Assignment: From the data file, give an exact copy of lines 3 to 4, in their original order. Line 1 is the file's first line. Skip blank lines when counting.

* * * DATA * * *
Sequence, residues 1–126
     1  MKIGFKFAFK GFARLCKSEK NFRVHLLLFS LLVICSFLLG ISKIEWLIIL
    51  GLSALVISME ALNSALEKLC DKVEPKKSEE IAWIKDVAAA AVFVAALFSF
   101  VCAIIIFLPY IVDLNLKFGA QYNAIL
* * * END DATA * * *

    51  GLSALVISME ALNSALEKLC DKVEPKKSEE IAWIKDVAAA AVFVAALFSF
   101  VCAIIIFLPY IVDLNLKFGA QYNAIL